Like Euphrates Shield, an operation in Idlib will both shore up rebel groups and be aimed at the YPG.
“The primary goal seems to be rendering Idlib a de-confliction zone to end the YPG’s terror corridor that targets reaching the Mediterranean,” wrote Kaplan in August. Speaking at an AK Party meeting on Saturday in Afyonkarahisar, Erdogan said something similar.
“Today, a landmark operation is under way in Idlib and this will continue. We will never allow a terrorist corridor along our Syrian border.”
So far, the actual operation in Idlib has not yet begun. Turkish journalist Ragip Soylu wrote on Twitter on Saturday: “Chatter among the Turkish journalists. Turkish forces to enter Idlib, Syria late tonight.”
Other reports claimed to show Turkey’s army removing parts of a wall along the border and with tanks deployed in Hatay province near the border. Anadolu news agency said Turkish troops have not entered Syria “yet.”
Turkish newspaper Daily Sabah said the operation will consist of “Russia backing Idlib operations from air, Turkish soldiers supporting FSA [Free Syrian army, rebels] from inside Turkish border.”
The Russian “support” for the Turkish operation represents a watershed in the Syrian conflict.
Moscow is the main backer of the regime, while Turkey has been the main backer of the rebels. But things have changed in the last year. Turkey has grown closer to Russia, and the Turkish president was recently in Iran for talks. Russia has been bombing Idlib in recent weeks. Usually that bombing would anger Turkey’s Syrian rebel allies.
This puts Turkey in an awkward position of appearing to be on the same side as Russia, and thus on the same side as the Assad regime, which millions of Syrians loath and have fled. Syrian groups may be angered by appearance of cooperation between Russia and Turkey, especially if civilians are killed in Idlib.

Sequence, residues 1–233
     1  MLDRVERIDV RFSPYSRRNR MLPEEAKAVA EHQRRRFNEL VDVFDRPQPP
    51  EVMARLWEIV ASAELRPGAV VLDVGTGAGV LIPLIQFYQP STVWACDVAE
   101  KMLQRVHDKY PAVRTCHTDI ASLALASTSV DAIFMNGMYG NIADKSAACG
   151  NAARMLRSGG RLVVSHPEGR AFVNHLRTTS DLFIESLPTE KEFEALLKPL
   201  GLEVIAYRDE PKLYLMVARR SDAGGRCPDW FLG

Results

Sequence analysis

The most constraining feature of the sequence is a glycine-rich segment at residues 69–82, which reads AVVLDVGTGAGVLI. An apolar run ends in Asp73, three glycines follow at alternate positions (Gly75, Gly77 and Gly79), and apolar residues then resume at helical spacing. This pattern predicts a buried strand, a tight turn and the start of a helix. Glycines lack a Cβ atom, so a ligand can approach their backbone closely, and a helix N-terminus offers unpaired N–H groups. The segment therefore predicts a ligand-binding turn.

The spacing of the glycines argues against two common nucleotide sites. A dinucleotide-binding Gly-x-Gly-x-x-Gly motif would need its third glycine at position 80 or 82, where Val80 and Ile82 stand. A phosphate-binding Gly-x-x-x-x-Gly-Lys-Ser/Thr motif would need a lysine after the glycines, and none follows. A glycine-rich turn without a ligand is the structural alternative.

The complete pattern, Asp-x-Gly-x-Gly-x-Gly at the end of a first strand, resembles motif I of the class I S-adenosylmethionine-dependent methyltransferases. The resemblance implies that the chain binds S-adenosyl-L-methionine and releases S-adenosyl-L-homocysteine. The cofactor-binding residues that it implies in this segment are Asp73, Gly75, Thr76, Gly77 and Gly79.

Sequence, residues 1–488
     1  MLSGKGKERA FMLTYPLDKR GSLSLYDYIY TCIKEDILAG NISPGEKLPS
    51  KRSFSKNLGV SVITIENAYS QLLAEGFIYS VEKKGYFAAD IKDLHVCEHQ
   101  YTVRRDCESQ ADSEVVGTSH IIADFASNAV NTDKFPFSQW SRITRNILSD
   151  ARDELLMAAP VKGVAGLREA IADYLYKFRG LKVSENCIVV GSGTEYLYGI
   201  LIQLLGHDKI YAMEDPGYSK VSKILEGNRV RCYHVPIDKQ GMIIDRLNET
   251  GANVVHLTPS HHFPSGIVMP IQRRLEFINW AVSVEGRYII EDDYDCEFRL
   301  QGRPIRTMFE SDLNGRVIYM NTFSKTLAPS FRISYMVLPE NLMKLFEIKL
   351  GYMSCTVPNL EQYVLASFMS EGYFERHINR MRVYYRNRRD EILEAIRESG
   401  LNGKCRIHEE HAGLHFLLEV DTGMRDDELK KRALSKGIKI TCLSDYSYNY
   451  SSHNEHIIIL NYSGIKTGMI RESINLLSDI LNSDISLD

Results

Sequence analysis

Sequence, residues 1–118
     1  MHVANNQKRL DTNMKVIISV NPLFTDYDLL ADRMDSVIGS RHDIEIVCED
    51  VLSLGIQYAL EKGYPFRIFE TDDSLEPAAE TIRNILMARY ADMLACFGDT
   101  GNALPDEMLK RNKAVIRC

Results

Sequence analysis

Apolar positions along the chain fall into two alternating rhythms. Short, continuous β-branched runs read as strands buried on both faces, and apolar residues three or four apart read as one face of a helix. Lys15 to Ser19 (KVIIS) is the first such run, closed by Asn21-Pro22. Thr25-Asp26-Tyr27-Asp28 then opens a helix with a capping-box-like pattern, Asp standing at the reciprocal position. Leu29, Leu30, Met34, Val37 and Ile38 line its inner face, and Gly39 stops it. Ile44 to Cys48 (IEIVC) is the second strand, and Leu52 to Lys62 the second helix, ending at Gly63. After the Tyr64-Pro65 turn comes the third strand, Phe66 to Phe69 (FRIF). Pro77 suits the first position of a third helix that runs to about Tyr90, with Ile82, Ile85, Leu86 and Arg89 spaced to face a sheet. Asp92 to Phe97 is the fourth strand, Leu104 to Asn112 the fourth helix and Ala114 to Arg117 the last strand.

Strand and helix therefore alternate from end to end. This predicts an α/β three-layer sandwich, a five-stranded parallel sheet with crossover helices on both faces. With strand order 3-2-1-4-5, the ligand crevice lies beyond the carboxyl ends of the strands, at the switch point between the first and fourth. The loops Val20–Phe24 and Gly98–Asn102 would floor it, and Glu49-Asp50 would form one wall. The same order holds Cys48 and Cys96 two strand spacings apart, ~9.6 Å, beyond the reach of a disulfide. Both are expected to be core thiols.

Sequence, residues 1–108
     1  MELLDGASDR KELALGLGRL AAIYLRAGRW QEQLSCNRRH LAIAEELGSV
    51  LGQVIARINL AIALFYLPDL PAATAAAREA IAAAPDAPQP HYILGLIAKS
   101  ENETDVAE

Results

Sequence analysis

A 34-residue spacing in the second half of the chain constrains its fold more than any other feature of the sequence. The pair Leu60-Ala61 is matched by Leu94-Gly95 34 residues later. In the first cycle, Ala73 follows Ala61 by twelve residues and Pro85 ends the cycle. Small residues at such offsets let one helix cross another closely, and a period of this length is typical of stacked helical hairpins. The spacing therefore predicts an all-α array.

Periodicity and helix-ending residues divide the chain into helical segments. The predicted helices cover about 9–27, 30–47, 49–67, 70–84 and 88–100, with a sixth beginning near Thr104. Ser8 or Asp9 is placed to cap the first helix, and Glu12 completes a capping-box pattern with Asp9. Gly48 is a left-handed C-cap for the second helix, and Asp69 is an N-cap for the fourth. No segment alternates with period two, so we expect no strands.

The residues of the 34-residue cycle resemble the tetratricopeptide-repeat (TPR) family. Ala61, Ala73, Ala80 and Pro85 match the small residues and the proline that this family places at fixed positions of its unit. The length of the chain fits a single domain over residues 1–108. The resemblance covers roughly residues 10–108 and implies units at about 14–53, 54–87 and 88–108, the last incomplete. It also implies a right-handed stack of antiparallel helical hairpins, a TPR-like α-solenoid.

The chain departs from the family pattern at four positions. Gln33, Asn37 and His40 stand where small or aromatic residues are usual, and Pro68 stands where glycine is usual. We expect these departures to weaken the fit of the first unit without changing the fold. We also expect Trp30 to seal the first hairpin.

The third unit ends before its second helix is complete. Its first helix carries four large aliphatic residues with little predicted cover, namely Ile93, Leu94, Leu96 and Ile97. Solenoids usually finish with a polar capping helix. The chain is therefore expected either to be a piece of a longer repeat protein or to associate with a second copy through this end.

Although Turkey wants to work through its rebel allies, the ones it successfully worked with near Kilis and Jarabulus, these groups, such as the Hamza Division, have often proven incapable of making major advances on their own. When the Hamza Division threatened to take Tell Rifat from the Kurds in October 2016, it never even launched an operation.
Bogged down fighting Hayet Tahrir al-Sham jihadists, which these rebel groups whose priority is fighting the Syrian regime have no stomach to fight, could lead to setbacks and serious ramifications for Turkish policy. There are an estimated 2 million civilians in Idlib province.
A Syrian analyst who spoke on condition of anonymity said he hoped Turkey would step back from the operation at the last minute because Turkey could suffer losses in a real conflict with Hayet Tahrir al-Sham.
A round of fighting between Turkey and the jihadists would further complicate an already complex Syrian conflict. Any conflict in Afrin between Turkish forces and the Kurds also would lead to tensions in the east with the US-led coalition that is partnered with the Kurds against Islamic State.